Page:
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I'm trying to understand the function lmer. I've found plenty of information about how to use the command, but not much about what it's actually doing (save for some cryptic comments here: http://www.bioconductor.org/help/course-materials/2008/PHSIntro/lme4Intro-handout-6.pdf). I'm playing with the following simple example:



I understand that lmer is fitting a model of the form Y_{ij} = beta + B_i + epsilon_{ij}, where epsilon_{ij} and B_i are independent normals with variances sigma^2 and tau^2 respectively. If theta = tau/sigma is fixed, I computed the estimate for beta with the correct mean and minimum variance to be

c = sum_{i,j} alpha_i y_{ij}


alpha_i = lambda/(1 + theta^2 n_i)
lambda = 1/[\sum_i n_i/(1+theta^2 n_i)]
n_i = number of observations from group i

I also computed the following unbiased estimate for sigma^2:

s^2 = \sum_{i,j} alpha_i (y_{ij} - c)^2 / (1 + theta^2 - lambda)

These estimates seem to agree with what lmer produces. However, I can't figure out how log likelihood is defined in this context. I calculated the probability density to be

pd(Y_{ij}=y_{ij}) = \prod_{i,j}[f_sigma(y_{ij}-ybar_i)]
    * prod_i[f_{sqrt(sigma^2/n_i+tau^2)}(ybar_i-beta) sigma sqrt(2 pi/n_i)]


ybar_i = \sum_j y_{ij}/n_i (the mean of observations in group i)
f_sigma(x) = 1/(sqrt{2 pi}sigma) exp(-x^2/(2 sigma)) (normal density with sd sigma)

But log of the above is not what lmer produces. How is log likelihood computed in this case (and for bonus marks, why)?

Edit: Changed notation for consistency, striked out incorrect formula for standard deviation estimate.

share|improve this question
The package is open source, so have you looked at the source to see how it's calculated? – Joshua Ulrich Jan 7 '14 at 19:38
Oh, I didn't realise that. I'll have a look, thanks. – stewbasic Jan 7 '14 at 19:43
For both the what and the why you might take a peek at Doug Bates' draft book on lme4 ... lme4.r-forge.r-project.org/lMMwR/lrgprt.pdf (specifically section 1.4). Not sure how up-to-date the code in the book is, with regards to the last big update of lme4 -- but it's essential reading.‎ – Nate Pope Jan 7 '14 at 22:06
This is a very big, complicated question. Doug's book draft is a reasonable start (but not easy). Any book on mixed models (e.g. Pinheiro and Bates 2000) would be a good start. – Ben Bolker Jan 8 '14 at 3:14
Thanks for the links. I eventually found a paper by Doug Bates (pages.cs.wisc.edu/~bates/reports/MixedComp.pdf) which I think will answer my question. I'll update my question with what it translates to in my simple example once I've had a read... – stewbasic Jan 8 '14 at 16:40
up vote 10 down vote accepted

The links in the comments contained the answer. Below I've put what the formulae simplify to in this simple example, since the results are somewhat intuitive.

lmer fits a model of the form Y_{ij} = \beta + B_i + \epsilon_{ij}, where \epsilon_{ij} and B_i are independent normals with variances \sigma^2 and \tau^2 respectively. The joint probability distribution of Y_{ij} and B_i is therefore

\left(\prod_{i,j}f_{\sigma^2}(y_{ij}-\beta-b_i)\right)\left(\prod_i f_{\tau^2}(b_i)\right)



The likelihood is obtained by integrating this with respect to b_i (which isn't observed) to give

\left(\prod_{i,j}f_{\sigma^2}(y_{ij}-\bar y_i)\right)\left(\prod_i f_{\sigma^2/n_i+\tau^2}(\bar y_i-\beta)\sqrt{2\pi\sigma^2/n_i}\right)

where n_i is the number of observations from group i, and \bar y_i is the mean of observations from group i. This is somewhat intuitive since the first term captures spread within each group, which should have variance \sigma^2, and the second captures the spread between groups. Note that \sigma^2/n_i+\tau^2 is the variance of \bar y_i.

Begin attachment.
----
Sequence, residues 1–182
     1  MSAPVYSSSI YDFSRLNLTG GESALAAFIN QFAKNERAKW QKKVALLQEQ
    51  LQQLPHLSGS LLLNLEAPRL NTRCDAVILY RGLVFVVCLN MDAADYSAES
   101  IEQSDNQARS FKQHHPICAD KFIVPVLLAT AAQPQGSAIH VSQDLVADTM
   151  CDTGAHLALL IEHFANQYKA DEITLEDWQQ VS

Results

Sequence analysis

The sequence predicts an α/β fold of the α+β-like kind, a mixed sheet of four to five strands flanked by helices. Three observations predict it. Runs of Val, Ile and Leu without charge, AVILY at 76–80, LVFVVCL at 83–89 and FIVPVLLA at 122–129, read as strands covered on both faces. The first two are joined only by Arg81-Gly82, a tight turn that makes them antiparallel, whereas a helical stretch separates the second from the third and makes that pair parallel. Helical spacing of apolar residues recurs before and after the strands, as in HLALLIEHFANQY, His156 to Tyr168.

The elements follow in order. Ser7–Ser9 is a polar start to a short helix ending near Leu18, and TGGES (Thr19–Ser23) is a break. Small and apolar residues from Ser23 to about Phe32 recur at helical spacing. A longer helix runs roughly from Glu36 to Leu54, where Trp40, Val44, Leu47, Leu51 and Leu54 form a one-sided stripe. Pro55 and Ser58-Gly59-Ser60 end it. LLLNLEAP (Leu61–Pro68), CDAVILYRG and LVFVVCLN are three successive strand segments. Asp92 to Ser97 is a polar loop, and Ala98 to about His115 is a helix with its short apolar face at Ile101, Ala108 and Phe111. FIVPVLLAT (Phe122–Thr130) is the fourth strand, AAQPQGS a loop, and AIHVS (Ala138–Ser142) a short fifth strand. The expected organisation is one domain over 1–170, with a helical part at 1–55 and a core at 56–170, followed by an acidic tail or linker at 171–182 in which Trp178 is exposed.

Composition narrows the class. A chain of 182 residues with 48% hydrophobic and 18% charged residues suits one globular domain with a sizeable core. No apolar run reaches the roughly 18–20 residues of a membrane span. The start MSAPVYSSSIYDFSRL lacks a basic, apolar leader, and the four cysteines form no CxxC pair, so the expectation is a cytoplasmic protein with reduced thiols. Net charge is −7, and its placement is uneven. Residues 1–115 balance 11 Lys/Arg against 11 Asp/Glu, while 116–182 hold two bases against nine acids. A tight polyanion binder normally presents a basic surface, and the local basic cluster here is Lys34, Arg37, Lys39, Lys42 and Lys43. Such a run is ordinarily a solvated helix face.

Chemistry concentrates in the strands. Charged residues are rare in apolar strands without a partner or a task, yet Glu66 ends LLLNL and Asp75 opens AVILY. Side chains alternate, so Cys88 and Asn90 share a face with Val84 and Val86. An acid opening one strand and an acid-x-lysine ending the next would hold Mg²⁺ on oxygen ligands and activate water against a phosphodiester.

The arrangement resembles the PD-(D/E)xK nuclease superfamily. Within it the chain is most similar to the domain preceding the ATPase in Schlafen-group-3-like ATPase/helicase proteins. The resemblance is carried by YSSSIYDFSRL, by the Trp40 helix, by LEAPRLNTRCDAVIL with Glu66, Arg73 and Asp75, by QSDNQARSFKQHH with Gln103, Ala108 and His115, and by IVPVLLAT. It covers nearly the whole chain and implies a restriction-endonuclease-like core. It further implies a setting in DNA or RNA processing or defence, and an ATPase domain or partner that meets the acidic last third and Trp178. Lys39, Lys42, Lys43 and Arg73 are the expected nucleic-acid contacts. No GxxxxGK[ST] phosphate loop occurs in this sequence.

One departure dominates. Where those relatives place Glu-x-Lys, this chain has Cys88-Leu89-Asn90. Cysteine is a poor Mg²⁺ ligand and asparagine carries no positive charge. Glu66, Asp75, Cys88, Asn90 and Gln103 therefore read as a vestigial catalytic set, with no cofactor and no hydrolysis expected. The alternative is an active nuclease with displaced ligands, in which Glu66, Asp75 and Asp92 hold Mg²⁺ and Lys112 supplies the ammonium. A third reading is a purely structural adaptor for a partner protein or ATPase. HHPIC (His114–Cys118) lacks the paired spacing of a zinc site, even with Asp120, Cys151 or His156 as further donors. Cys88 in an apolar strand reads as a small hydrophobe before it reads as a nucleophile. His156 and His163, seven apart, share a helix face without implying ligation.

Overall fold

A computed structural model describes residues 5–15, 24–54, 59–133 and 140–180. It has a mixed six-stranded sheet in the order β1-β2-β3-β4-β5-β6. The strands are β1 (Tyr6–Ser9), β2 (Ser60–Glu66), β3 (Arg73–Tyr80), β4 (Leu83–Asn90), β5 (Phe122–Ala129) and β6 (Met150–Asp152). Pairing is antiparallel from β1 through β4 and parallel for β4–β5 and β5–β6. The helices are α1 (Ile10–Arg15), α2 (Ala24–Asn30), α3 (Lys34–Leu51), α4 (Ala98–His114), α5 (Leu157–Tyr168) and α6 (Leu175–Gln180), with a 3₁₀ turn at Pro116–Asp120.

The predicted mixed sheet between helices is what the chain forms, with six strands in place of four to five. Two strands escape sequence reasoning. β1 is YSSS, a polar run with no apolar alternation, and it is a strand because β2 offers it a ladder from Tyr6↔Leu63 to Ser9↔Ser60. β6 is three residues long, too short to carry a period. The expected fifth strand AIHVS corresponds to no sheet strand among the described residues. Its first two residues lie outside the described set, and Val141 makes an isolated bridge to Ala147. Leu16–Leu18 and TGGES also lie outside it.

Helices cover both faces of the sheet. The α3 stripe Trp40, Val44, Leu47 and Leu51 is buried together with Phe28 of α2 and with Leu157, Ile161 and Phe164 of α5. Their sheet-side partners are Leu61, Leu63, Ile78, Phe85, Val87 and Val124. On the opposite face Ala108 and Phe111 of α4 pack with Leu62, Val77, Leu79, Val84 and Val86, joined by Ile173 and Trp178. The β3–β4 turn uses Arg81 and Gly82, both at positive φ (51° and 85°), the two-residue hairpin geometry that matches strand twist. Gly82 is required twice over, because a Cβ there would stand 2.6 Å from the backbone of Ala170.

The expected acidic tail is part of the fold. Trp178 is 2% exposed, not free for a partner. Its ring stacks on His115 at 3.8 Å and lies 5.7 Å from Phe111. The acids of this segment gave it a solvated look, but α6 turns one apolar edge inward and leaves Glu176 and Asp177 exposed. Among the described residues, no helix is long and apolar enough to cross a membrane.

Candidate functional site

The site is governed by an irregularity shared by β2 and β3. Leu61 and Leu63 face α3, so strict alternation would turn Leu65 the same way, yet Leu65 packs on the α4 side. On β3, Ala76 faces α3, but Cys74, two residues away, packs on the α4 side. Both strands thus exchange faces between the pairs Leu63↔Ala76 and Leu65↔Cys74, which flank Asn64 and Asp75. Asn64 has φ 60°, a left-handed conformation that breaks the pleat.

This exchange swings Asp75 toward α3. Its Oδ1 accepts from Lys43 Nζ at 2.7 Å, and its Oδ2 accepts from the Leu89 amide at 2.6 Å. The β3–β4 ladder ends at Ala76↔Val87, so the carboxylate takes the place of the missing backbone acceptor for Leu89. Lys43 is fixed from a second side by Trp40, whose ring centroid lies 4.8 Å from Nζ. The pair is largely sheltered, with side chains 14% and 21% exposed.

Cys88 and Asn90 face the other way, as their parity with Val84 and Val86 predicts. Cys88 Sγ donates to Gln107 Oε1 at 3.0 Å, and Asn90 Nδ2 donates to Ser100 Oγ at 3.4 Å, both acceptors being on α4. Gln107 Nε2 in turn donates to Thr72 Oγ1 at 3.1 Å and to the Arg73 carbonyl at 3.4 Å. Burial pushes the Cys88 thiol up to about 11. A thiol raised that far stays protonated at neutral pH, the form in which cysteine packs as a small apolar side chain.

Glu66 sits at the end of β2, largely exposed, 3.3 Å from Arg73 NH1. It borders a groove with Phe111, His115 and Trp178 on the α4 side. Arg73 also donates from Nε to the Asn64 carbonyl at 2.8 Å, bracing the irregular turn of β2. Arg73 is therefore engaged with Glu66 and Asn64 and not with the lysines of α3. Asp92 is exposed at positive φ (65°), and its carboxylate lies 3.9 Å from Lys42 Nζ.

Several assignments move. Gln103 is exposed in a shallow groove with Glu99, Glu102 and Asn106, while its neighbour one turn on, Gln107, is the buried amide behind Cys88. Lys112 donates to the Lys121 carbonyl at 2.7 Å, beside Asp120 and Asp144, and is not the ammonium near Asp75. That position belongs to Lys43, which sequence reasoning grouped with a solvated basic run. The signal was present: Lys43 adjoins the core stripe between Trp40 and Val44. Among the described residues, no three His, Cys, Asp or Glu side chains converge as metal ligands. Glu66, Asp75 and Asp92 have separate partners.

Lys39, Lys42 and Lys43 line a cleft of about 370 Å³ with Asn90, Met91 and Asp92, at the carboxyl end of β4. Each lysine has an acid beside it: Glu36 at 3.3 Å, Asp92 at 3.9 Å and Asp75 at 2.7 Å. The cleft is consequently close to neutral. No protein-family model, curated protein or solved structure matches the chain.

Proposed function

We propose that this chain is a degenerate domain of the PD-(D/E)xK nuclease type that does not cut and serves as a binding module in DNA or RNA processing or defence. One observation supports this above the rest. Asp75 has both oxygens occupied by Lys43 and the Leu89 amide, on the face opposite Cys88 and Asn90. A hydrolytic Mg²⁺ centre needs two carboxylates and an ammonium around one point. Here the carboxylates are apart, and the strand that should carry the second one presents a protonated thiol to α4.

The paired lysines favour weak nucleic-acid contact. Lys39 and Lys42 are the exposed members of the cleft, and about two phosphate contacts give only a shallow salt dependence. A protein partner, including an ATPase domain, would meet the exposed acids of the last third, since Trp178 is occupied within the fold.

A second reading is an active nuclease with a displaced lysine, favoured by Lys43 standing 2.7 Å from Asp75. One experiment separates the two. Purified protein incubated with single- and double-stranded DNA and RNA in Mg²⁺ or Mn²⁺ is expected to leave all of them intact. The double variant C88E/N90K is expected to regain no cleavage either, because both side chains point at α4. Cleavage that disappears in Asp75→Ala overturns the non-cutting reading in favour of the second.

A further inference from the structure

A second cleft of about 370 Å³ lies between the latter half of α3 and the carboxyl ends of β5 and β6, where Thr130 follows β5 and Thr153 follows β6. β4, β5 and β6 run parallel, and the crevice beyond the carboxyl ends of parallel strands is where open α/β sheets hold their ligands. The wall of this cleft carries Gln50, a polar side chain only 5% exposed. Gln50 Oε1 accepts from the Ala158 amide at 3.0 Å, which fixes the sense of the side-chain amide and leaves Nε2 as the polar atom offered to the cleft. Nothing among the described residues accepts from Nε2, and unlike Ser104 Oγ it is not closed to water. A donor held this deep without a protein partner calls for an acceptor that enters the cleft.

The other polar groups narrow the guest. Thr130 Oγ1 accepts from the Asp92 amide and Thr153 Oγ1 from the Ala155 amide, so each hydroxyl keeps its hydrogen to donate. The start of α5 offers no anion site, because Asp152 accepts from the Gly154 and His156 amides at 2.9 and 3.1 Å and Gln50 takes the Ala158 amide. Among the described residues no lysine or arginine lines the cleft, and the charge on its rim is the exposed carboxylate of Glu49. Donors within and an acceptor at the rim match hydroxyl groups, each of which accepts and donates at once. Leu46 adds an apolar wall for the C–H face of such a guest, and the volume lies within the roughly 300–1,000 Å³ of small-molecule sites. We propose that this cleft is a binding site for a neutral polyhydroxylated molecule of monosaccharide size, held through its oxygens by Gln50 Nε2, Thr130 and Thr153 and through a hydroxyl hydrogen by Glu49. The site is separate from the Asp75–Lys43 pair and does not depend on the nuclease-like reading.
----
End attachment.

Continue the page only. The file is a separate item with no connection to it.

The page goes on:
However, by default (REML=T) lmer maximises not the likelihood but the "REML criterion", obtained by additionally integrating this with respect to \beta to give

\left(\prod_{i,j}f_{\sigma^2}(y_{ij}-\bar y_i)\right)\left(\prod_i f_{\sigma^2/n_i+\tau^2}(\bar y_i-\hat\beta)\sqrt{2\pi\sigma^2/n_i}\right)\sqrt{\frac{2\pi\sigma^2}{\sum_i\frac{n_i}{1+n_i\theta^2}}}

where \hat\beta is given below.

Maximising likelihood (REML=F)

If \theta=\tau/\sigma is fixed, we can explicitly find the \beta and \sigma which maximise likelihood. They turn out to be

\hat\beta=\frac{\sum_{i,j}y_{ij}/(1+n_i\theta^2)}{\sum_i n_i/(1+n_i\theta^2)}

\hat\sigma^2=\frac{1}{n}\left(\sum_{i,j}(y_{ij}-\bar y_i)^2+\sum_i\frac{n_i}{1+n_i\theta^2}(\bar y_i-\hat\beta)^2\right)

Note \hat\sigma^2 has two terms for variation within and between groups, and \hat\beta is somewhere between the mean of y_{ij} and the mean of \bar y_i depending on the value of \theta.

Substituting these into likelihood, we can express the log likelihood l in terms of \theta only:


lmer iterates to find the value of \theta which minimises this. In the output, -2l and l are shown in the fields "deviance" and "logLik" (if REML=F) respectively.

Maximising restricted likelihood (REML=T)

Since the REML criterion doesn't depend on \beta, we use the same estimate for \beta as above. We estimate \sigma to maximise the REML criterion:

\hat\beta=\frac{\sum_{i,j}y_{ij}/(1+n_i\theta^2)}{\sum_i n_i/(1+n_i\theta^2)}

\hat\sigma^2=\frac{1}{n-1}\left(\sum_{i,j}(y_{ij}-\bar y_i)^2+\sum_i\frac{n_i}{1+n_i\theta^2}(\bar y_i-\hat\beta)^2\right)

The restricted log likelihood l_R is given by


In the output of lmer, -2l_R and l_R are shown in the fields "REMLdev" and "logLik" (if REML=T) respectively.

share|improve this answer
now this looks a bit more like a CrossValidated question/answer ... – Ben Bolker Jan 16 '14 at 18:48
Yes, with the benefit of hindsight this was probably not the best place for it, but I don't know of a way to move it. – stewbasic Jan 18 '14 at 0:16

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